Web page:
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Prebiotics are a category of functional food, defined as: Non-digestible food ingredients that beneficially affect the host by selectively stimulating the growth and/or activity of one or a limited number of bacteria in the colon, and thus improve host health.
Additional recommended knowledge
Most potential prebiotics are carbohydrates (such as oligosaccharides), but the definition does not exclude the use of non-carbohydrates as prebiotics.
The definition does not emphasize a specific bacterial group. Often, however, it is assumed that a prebiotic should increase the number and/or activity of bifidobacteria and lactic acid bacteria. The importance of the bifidobacteria and the lactic acid bacteria (LABs) is that these groups of bacteria are claimed to have several beneficial effects on the host, especially in terms of improving digestion and the effectiveness and intrinsic strength of the immune system. A product that stimulates (or claims to stimulate) bifidobacteria is considered a bifidogenic factor. Some prebiotics may thus also act as a bifidogenic factor and vice versa, but the two concepts are not identical.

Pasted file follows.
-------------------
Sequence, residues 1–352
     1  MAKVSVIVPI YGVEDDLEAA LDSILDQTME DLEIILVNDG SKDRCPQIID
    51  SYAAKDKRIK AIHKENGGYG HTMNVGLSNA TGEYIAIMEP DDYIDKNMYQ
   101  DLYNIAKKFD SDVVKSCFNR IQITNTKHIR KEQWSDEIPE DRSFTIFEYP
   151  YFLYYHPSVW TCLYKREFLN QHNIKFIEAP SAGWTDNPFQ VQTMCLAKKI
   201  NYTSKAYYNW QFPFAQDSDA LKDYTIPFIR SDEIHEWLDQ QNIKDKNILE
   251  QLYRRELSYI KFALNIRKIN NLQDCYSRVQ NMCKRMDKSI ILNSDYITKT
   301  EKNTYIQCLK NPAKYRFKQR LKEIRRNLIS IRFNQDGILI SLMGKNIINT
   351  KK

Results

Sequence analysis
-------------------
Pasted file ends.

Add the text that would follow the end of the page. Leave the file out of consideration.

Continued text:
Typical dietary sources of prebiotics are soybeans, Jerusalem artichokes (which contain inulin), raw oats, unrefined wheat and unrefined barley. Some of the oligosaccharides that naturally occur in breast milk are believed to play an important role in the development of a healthy immune system in infants, but these are not considered prebiotics, as they do not act through the intestinal microflora.
Prebiotic oligosaccharides may be added to processed foods. Some oligosaccharides that are used in this manner are fructooligosaccharides (FOS), xylooligosaccharides (XOS), and galactooligosaccharides (GOS). In petfood also mannooligosaccharides are being used.
|This article is licensed under the GNU Free Documentation License. It uses material from the Wikipedia article "Prebiotic_(nutrition)". A list of authors is available in Wikipedia.